Millions of Recalled Hyundai and Kia Vehicles With a Dangerous Defect Remain On the Road

A 2013 Hyundai Elantra Coupe is shown at the Chicago Auto Show in Chicago on Feb. 8, 2012. (AP Photo/Nam Y. Huh, File)

DETROIT (AP) — In September, Hyundai and Kia issued a recall of 3.4 million of its vehicles in the United States with an ominous warning: The vehicles should be parked outdoors and away from buildings because they risked catching fire, whether the engines were on or off.

Six months later, most of those autos remain on the road — unrepaired — putting their owners, their families and potentially other people in danger of fires that could spread to garages, houses or other vehicles.

Hyundai and Kia have acknowledged that there’s little hope of repairing most of the affected vehicles until June or later, roughly nine months after they announced the recalls. (Hyundai owns part of Kia, though the two companies operate independently.)

The two companies attributed the delays, in part, to the huge number of vehicles involved, among the largest recalls they’ve ever done. The fires, they say, have occurred when brake fluid leaked onto the circuit boards of antilock braking systems, triggering an electrical short and igniting the fluid.

The companies say they’ve been unable to obtain enough of the needed parts — fuses that reduce the boards’ electrical currents — to fix most of the affected vehicles. Among them are some of their top-selling models for the 2010 through 2017 years, including Hyundai’s Santa Fe and Elantra and Kia’s Sportage and Forte.

Hyundai and Kia have urged the vehicles’ owners to contact the companies or dealers if they see dashboard warning lights or smell something burning. In the meantime, both companies contend that despite the ongoing risks, the cars remain safe to drive.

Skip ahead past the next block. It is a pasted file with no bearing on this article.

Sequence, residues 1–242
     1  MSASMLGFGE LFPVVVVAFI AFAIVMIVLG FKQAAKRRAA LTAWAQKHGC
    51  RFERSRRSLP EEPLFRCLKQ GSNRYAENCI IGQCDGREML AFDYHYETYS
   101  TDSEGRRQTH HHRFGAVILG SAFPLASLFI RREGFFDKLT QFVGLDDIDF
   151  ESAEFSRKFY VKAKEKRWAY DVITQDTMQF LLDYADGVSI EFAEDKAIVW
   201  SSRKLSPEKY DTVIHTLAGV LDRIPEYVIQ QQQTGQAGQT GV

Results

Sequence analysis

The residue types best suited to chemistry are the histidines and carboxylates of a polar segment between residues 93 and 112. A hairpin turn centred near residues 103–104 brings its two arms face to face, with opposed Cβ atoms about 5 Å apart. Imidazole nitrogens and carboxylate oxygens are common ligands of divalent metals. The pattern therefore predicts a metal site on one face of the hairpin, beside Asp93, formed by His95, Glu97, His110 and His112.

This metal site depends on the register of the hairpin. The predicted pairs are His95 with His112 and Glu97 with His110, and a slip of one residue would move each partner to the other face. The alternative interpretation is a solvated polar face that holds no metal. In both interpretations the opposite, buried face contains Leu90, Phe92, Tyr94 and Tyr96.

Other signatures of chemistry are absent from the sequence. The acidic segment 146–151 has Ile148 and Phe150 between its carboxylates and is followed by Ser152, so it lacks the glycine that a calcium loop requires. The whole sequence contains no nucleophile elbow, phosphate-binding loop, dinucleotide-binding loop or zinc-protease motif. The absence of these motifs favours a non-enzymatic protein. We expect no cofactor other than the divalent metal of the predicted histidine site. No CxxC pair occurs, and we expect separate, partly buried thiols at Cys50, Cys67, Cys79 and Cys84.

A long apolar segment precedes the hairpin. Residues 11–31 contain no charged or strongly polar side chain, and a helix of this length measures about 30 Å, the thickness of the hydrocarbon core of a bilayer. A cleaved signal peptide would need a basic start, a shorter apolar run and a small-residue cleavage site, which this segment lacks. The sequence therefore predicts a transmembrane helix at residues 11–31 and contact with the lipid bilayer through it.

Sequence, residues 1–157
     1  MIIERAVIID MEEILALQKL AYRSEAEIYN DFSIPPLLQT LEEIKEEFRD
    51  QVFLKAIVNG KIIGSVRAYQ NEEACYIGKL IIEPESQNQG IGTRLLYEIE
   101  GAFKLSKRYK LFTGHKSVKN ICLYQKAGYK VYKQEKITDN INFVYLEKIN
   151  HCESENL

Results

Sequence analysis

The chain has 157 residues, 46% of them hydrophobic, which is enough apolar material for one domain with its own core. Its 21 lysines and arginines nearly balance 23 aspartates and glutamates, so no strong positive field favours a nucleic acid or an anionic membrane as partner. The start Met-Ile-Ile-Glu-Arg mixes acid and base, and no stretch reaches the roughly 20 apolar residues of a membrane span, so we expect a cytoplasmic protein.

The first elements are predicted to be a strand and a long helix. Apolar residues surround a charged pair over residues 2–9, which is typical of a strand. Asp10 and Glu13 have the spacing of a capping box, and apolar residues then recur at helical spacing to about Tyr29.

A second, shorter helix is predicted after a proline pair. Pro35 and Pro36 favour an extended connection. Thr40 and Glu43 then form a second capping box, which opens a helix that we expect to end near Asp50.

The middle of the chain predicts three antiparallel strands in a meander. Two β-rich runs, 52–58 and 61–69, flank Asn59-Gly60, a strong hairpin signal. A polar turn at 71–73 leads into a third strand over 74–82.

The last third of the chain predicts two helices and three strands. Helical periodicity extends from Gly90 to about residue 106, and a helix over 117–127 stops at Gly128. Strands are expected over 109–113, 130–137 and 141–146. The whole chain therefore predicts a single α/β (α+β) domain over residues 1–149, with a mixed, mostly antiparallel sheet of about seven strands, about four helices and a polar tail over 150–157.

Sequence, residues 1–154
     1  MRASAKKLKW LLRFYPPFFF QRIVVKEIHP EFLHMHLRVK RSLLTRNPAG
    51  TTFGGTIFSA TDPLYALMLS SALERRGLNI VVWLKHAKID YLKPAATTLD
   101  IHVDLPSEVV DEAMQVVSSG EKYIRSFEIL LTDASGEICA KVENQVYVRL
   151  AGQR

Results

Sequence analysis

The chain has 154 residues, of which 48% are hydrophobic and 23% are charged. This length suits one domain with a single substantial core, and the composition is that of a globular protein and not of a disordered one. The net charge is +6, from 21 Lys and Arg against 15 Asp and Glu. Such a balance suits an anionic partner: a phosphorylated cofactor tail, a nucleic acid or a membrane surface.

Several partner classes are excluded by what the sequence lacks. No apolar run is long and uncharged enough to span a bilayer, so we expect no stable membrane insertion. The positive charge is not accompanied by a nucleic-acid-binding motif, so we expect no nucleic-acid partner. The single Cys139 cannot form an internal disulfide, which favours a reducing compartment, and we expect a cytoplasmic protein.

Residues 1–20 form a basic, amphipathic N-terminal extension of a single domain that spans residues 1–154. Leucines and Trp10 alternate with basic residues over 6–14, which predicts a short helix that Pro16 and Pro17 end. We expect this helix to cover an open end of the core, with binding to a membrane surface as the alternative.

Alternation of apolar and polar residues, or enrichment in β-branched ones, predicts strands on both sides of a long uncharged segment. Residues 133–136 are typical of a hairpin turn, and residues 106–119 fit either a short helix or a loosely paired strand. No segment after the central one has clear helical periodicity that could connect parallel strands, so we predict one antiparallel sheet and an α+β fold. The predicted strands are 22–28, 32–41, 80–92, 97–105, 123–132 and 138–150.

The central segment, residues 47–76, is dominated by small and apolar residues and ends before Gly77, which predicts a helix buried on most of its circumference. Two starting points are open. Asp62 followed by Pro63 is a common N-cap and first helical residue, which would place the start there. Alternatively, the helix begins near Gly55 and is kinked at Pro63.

When they announced the recalls in September, the two automakers reported that the defect had caused 56 vehicle fires and “thermal incidents,” which include burning, melting and smoking. No injuries or deaths have been reported, either before or since the recalls were announced.

While awaiting repairs, owners of the affected vehicles need to park outside and away from other vehicles to minimize the risks. In the meantime, safety advocates note that if too much brake fluid leaks, it could impair braking or lengthen the distance required to stop a car.

The long-delayed repairs mark the latest in a long series of recalls involving engine fires on Hyundai and Kia vehicles that have bedeviled the two Korean automakers since 2015. All told, 13 million of their vehicles have been recalled for engine problems since 2010.

Some complainants say they were confused by Hyundai statements saying the recalled vehicles can be driven even though they can catch fire while the engines are running.

“This safety recall sounds urgent and incredibly dangerous,” an owner of a 2012 Hyundai Accent from Burbank, California, wrote in a complaint to NHTSA in December. (People who file complaints aren’t identified in the NHTSA database.) The owner couldn’t understand why Hyundai would say the Accent is safe to drive yet admit that it can still catch fire while being driven.

Both companies said that while fires remain rare, if they do happen, owners would smell smoke or see warning lights on the dashboard. The warnings would “allow for a safe exit from the vehicle,” Kia’s statement said.

But the Center for Auto Safety argues that it’s irresponsible for the companies to assure owners that the vehicles are safe to drive when they know fires are possible. If smoke or warning lights should appear, the companies can’t predict how long the occupants would have to escape or free children or other passengers who might be unable to get out on their own.

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